White, Paul (2012) Protocols of Power: Lessons from ICANN For International Regime Theory. Doctoral thesis, University of Huddersfield.

This dissertation explores the nature of the Internet Corporation for Assigned Names and Numbers (ICANN) as a governance organisation in the context of international regime theory. It examines the hypothesis that ICANN represents a new type of hybrid political entity, one that both challenges established concepts in IR theory, and that may be representative of emerging trends in other areas of global issue

The concept of international regimes, initially defined in the early 1980s by Stephen Krasner, has become one of the key elements of contemporary International Relations theory. Despite ongoing debates between proponents of various theoretical paradigms over some key questions, such as how and why regimes form and are sustained, the basic concept of the international regime has remained fairly clearly defined. ICANN, however, has been widely interpreted as a new approach to global governance in an emerging issue-area, one based upon ‘multistakeholder’ decisionmaking involving a
range of interested actor types, as opposed to the traditional model of a predominantly state-based ‘inter-national’ organisation. This dissertation seeks to examine the extent to which concepts drawn from existing regime theories remain useful as analytical tools for interpreting the types of emerging global governance arrangements represented by the ICANN system.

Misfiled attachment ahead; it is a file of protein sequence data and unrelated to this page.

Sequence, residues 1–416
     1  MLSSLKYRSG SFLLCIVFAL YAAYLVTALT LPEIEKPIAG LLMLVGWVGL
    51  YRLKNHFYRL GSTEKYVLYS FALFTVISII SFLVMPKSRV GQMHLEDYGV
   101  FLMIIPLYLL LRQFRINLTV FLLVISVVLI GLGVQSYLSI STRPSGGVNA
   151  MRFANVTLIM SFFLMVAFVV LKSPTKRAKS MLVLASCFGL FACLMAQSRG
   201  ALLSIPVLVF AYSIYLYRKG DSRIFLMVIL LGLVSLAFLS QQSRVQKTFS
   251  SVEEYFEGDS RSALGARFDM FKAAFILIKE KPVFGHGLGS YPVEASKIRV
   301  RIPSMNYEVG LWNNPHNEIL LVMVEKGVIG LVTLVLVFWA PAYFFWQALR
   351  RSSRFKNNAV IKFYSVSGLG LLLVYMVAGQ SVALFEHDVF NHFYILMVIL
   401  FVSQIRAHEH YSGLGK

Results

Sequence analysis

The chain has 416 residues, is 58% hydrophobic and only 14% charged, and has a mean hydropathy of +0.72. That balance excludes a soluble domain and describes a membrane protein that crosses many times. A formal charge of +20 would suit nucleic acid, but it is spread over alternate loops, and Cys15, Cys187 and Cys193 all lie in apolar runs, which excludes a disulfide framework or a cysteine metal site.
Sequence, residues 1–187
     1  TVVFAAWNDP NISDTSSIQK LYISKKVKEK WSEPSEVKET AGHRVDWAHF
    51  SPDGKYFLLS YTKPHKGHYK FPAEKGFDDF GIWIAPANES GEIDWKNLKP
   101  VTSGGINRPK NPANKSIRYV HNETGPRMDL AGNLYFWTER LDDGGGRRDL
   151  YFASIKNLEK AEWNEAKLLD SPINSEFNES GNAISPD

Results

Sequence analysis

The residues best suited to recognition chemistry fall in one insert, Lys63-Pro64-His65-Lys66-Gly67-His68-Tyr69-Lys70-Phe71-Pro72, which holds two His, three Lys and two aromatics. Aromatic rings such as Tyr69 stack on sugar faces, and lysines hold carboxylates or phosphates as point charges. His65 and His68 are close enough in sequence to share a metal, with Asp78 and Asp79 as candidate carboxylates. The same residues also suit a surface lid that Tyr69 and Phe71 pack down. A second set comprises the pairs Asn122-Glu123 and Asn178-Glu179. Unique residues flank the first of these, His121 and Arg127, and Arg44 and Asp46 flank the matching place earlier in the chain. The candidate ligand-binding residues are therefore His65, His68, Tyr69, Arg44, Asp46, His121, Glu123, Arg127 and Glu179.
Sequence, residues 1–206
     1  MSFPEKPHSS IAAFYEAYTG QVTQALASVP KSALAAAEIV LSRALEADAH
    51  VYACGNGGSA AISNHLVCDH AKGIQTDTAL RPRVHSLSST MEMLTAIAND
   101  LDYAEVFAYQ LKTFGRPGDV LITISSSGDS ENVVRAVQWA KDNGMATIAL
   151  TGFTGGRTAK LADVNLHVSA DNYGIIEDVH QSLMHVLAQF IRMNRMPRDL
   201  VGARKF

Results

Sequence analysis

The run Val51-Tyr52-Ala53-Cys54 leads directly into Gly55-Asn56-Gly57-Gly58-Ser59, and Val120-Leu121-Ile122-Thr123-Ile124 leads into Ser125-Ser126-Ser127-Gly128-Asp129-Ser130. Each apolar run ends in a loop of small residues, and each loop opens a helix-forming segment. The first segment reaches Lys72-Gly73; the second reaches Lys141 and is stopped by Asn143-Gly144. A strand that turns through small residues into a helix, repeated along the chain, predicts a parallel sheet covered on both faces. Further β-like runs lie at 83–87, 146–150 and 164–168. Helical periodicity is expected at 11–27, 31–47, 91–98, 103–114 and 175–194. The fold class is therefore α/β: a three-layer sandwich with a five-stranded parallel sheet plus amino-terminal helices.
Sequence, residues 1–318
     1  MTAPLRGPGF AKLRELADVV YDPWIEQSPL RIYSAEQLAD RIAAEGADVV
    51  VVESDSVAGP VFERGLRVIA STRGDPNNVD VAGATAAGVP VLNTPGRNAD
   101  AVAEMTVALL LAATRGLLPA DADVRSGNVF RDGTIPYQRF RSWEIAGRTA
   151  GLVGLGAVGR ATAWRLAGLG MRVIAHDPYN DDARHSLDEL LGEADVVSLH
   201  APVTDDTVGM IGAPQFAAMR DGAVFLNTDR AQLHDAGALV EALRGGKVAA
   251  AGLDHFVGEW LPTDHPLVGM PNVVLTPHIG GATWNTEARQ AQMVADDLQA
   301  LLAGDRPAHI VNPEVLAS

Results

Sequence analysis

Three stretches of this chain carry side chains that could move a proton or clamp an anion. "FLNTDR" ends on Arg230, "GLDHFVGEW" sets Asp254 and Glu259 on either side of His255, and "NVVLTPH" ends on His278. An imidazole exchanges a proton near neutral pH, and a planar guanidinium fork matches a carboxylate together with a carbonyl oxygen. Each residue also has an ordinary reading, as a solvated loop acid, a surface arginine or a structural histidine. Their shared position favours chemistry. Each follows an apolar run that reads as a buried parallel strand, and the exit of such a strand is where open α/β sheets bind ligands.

The dissertation begins with a review of ICANN’s history and organisational structure, followed by a literature review exploring some competing interpretations of ICANN. It then utilises three case studies of the ICANN policy development process in action, in an effort to explore how ICANN policy is made in practice and which
types of actors and interests appear to have most influence within the regime. The analysis reveals certain commercial interests, together with governments, to be the predominant actors within the ICANN system. Subsequent chapters draw upon these findings to explore how ontological models drawn from various paradigms on regime theory, including realist, neoliberal institutionalist, neo-Marxist and social constructivist approaches, might be applied to the ICANN regime. The study
demonstrates that concepts drawn from each of these paradigms, and particularly vi neoliberal institutionalism and social constructivism, are readily applicable to the ICANN case. The dissertation concludes that ICANN can be usefully interpreted as a regime using a definition based on Krasner’s, albeit of a modified type better
described as a ‘global governance’ rather than an ‘inter-national’ regime. Finally, it attempts to evaluate the extent to which lessons from the ICANN case may be applicable to emerging trends in other issue-areas of international politics.

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